How To Clean Camera Lens Fungus Off A Vintage Lens: Video

We’ve discussed camera maintenance and fungus prevention many, many times. It’s a topic that comes up annually, especially when the weather is hot and humid, and we are worried about our expensive lenses. While modern lenses are seemingly less susceptible to fungus, they’re not immune to lens fungus growth, which is why we take care of them.

But what happens when we come across a beautiful vintage lens that you can buy second-hand, but that’s full of fungus? Well, you try to clean off the fungus from the lens, and get it working as good as new, of course! That’s what we are going to see in this camera lens fungus cleaning video.

Mathiew Stern shares with us his journey of finding a rare Benoist Berthiot Cinestar GC 75mm f/1.55 projector lens at a ridiculously low price. The catch? It’s completely, and disgustingly, full of lens fungus. In order to use the lens, he must first clean out all the fungus from the lens and ensure that it never returns.

Lens Fungus Cleaning Process

Mathiew shows us how he carefully disassembles the lens and then cleans the fungus from the lens with Hydrogen peroxide and water. Finally, he also removes some old glue that had congealed and cracked, to make the lens clear once again.

The experiment is quite interesting to me, and it’s interesting to see just how much better some of these lenses can perform when cleaned up and restored properly, bringing them back to life.

Fungus on Lenses

Fungus is a type of microorganism that grows when specific conditions are prevalent. They can grow on camera lenses, and other optical surfaces sometimes, causing considerable damage to the camera equipment.

Lens fungus is typically found in humid or wet environments, where there are long periods of high humidity. When conditions are right, camera lens fungus can grow very quickly on a lens. The fungus can cause permanent damage to a lens, and it is challenging to remove completely.

Preventing lens fungus is much easier, and all it takes is some Silica Gel, and an airtight container to store your camera and lenses in. Silica Gel is inert, non-toxic, and completely safe to use. Best of all, Silica Gel can be reused up to 500 times.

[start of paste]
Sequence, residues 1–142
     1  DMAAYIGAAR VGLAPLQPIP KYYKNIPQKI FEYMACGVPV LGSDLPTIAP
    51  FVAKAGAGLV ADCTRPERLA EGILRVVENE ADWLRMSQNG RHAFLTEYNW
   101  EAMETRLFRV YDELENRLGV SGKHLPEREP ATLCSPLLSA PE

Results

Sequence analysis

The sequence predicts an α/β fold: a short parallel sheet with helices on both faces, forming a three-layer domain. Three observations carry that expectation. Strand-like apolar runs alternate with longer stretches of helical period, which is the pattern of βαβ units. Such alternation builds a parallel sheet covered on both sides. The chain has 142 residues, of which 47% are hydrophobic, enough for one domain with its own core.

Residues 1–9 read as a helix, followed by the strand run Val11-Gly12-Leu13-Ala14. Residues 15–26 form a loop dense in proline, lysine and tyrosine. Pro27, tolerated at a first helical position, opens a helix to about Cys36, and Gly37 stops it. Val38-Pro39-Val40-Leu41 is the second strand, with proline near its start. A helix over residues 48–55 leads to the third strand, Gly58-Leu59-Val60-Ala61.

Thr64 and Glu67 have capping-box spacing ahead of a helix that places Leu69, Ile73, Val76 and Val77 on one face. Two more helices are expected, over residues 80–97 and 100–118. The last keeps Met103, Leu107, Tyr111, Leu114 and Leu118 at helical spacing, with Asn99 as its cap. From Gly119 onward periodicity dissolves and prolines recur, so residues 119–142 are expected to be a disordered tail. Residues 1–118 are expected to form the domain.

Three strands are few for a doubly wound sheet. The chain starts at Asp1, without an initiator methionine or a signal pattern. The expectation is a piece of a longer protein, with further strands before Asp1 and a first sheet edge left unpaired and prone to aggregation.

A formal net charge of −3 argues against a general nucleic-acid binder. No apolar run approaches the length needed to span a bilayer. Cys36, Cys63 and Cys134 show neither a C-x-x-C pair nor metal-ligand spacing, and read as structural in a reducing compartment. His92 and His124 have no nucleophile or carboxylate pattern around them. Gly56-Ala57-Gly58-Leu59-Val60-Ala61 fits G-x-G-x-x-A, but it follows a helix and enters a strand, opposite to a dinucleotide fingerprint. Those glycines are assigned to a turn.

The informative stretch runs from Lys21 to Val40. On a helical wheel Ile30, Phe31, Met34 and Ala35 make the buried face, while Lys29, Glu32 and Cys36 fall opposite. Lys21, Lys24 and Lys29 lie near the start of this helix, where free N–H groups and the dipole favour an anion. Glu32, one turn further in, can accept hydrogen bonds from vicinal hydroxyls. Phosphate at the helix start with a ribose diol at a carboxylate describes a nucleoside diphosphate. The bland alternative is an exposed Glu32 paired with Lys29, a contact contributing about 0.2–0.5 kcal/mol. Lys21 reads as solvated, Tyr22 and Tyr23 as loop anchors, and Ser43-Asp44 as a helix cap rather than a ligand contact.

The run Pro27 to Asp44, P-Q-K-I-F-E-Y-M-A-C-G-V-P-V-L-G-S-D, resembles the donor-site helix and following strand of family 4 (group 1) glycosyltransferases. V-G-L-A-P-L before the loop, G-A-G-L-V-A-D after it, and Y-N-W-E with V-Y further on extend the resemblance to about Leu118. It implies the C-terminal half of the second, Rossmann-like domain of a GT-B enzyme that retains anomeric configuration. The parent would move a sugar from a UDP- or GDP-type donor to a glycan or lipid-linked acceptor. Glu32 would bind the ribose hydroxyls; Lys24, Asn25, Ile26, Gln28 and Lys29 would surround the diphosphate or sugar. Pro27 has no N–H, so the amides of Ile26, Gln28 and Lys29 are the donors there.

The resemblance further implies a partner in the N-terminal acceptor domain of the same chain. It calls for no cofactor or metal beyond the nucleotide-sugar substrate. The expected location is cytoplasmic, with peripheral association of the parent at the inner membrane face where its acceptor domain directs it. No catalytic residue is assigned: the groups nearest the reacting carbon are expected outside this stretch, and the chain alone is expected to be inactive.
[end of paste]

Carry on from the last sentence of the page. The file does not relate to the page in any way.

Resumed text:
Vintage Lenses: Fungus Cleaning & Restoration

Vintage lenses create images that are unique, as many of them are hand-made, and each one brings an individual quality to the images that they create. It’s nice to know that these lenses, even if not maintained in the best condition, can be restored by skillful lens restoration experts, ready to be used for many more years to come.

Lens Maintenance Resources

There are some concrete steps that you can take to make sure that your lenses don’t get fungus growing on them.

Note: Fungus Cleaning Should Be Done By Professionals

If you have a fungus problem with your camera lenses, you will need to take them to a professional to have them cleaned. You can try to clean them yourself, but it is very difficult to remove all of the strands of fungus without damaging the lens permanently.

Susheel Chandradhas

Susheel Chandradhas

Susheel Chandradhas is a Product Photographer and Filmmaker based in India. He has been taking photographs (almost) all his life. He has a diploma and a bachelors degree in Visual Communication, where his classmates all believed that he would write a book on photography... Instead, he writes on this website (because - isn't a community more fun?).

His passions include photography, parkour, wide-angle lenses, blue skies, fire extinguishers, and fast computers.

In addition to writing for Beyond Photo Tips, Susheel is a staff writer for Fstoppers.com, and owns and runs ColoursAlive, a photography, and video production studio.

You can connect with Susheel on Twitter, Instagram, or LinkedIn.

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